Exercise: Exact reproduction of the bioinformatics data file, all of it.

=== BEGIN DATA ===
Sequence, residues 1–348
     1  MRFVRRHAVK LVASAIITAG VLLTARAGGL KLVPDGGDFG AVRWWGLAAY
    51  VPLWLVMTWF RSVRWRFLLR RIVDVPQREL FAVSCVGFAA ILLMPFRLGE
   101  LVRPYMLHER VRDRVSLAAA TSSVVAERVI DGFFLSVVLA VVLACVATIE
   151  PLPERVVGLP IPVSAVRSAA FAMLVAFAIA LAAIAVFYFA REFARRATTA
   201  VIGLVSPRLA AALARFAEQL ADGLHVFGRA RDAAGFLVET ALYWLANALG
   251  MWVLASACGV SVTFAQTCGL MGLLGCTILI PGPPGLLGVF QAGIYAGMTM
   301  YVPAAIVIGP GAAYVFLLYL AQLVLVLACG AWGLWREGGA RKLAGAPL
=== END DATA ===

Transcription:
Sequence, residues 1–348
     1  MRFVRRHAVK LVASAIITAG VLLTARAGGL KLVPDGGDFG AVRWWGLAAY
    51  VPLWLVMTWF RSVRWRFLLR RIVDVPQREL FAVSCVGFAA ILLMPFRLGE
   101  LVRPYMLHER VRDRVSLAAA TSSVVAERVI DGFFLSVVLA VVLACVATIE
   151  PLPERVVGLP IPVSAVRSAA FAMLVAFAIA LAAIAVFYFA REFARRATTA
   201  VIGLVSPRLA AALARFAEQL ADGLHVFGRA RDAAGFLVET ALYWLANALG
   251  MWVLASACGV SVTFAQTCGL MGLLGCTILI PGPPGLLGVF QAGIYAGMTM
   301  YVPAAIVIGP GAAYVFLLYL AQLVLVLACG AWGLWREGGA RKLAGAPL